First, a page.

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Why is it important to study borders in world politics?
Transcript of Why is it important to study borders in world politics?
Refugees and the challenges they pose to the way we think about world politics
Important to study borders because each one represents different geopolitical rules and laws
What are the barriers/opportunities created?
Socio-economic benefits/Asylum that come with crossing borders.
The challenges refugees pose to the way we think about world politics
Status of refugees
How the status of a refugee changes
Difference between refugees, asylum seekers and internally displaced people
1951 Convention & 1967 expansion - narrow definition, designed for historic circumstances
Current/Historical views of border studies
Mainstream IR theory- foundations of the Westphalian system
Borders as social constructs
State centric notions
Post cold war discourse
The Schengen Area
The Schengen Agreement was signed in 1985 by Belgium, France, West Germany, Luxembourg and the Netherlands. It was implemented in 1995
The benefits of being inside the Schengen Zone.
Cons of being excluded.
Low social status
Reduced financial means
Higher rates of mental health problems, especially PTSD
Vulnerable to human rights abuses
'The territorial trap'
New ways about thinking about borders
Borders as expressions of power relations.
Social, political and cultural context
Postmodernist globalisation theory
New bordering practices
Borders are arbitrary
Crossing the border causes a major shift in the individual's legal and social status
New challenges to mainstream approaches to world politics
Refugees offer one of these challenges
Status: Legal, Political
European border management.
Helping border authorities from different EU countries work together.
Main role is to protect EU external borders from North Africa and Turkey.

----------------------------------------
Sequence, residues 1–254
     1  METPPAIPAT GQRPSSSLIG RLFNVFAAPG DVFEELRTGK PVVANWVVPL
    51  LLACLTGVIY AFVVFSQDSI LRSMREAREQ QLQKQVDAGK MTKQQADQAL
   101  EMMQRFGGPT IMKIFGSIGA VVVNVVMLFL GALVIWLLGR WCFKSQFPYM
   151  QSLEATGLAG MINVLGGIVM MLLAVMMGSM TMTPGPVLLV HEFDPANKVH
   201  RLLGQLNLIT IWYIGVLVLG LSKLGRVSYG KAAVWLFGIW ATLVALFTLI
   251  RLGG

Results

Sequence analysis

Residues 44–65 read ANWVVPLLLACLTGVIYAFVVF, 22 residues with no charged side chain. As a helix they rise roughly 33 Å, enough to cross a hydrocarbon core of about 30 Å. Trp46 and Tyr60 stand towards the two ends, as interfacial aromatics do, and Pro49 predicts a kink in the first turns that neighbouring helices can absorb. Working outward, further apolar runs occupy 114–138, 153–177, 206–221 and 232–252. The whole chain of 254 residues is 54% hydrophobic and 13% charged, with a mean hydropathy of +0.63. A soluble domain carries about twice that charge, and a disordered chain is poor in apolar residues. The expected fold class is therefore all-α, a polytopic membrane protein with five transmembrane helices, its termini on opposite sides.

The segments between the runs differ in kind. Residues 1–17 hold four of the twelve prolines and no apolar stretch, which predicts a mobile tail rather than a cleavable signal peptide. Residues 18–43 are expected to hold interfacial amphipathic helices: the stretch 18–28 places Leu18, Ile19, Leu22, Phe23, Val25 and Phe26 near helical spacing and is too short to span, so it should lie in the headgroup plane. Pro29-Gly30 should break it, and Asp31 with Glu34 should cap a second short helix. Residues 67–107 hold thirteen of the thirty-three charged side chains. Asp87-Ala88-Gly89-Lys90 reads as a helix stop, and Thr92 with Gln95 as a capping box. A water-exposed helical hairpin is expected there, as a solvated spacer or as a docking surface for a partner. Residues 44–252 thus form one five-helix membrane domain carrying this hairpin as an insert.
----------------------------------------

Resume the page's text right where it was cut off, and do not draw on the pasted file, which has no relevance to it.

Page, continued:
Ex. Arab Spring
-a wave of anti- government protests in the Arab world happening in North Africa in countries like Tunisia, Egypt and Libya
-France responsible for deporting thousands of Tunisian refugees back to Italy
-causing tension among Schengen countries
-the state enforces rules/ laws that control the flow of the people that go in/out of the country
-a government issued document that certifies a persons identity and nationality
-required for international travel
-the identification of people by certain characteristics/ traits
-Louise Amoore- "the biometric border signals a new and geographical imagining of the border..."
-an authorization for temporary stay in a country
-concentrate on the purpose of the visit
-beyond the state, sometimes citizens are prompted to exercise their own form of "bordering"
- ex. After the London Bombings in 2005, Ken Livingstone promoted " 7 million Londoners, One London" while Prime Minister Tony Blair promoted binary between "British people" and "those people [who are trying to] cow us, to frighten us out of doing the things we want to do " (Closs- Stephens 63)
-ex. Minutemen Project in Arizona
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BBC, 2008. Gay Iranian man loses asylum plea. Available at <http://news.bbc.co.uk/1/hi/7290330.stm>. Accessed 5th December 2013.
Closs Stephens, Angharad Closs (2013) ‘Urban cosmopolitanism: The return of the nation in times of terror’ in The Persistence of Nationalism: From Imagines Communities to Urban Encounters. London: Routledge, pp. 61-72.
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Pugh, R., 2012. Female Genital Mutilation: asylum seeker fights deportation to the Gambia. The Guardian. Available at <http://www.theguardian.com/society/2012/nov/06/female-genital-mutilation-asylum-gambia>. Accessed 4th November.
United Nations, n.d. Convention and Protocol Relating to the Status of Refugees. Available at: <http://www.unhcr.org/3b66c2aa10.pdf>. Last accessed 5th December 2013.
Why Europe why not?, (2012), Schengen: why or why not?, [online] Available at: <http://whyeuropewhynot.wordpress.com/2012/03/11/schengen-why-or-why-not/> Accessed 28th November 2013.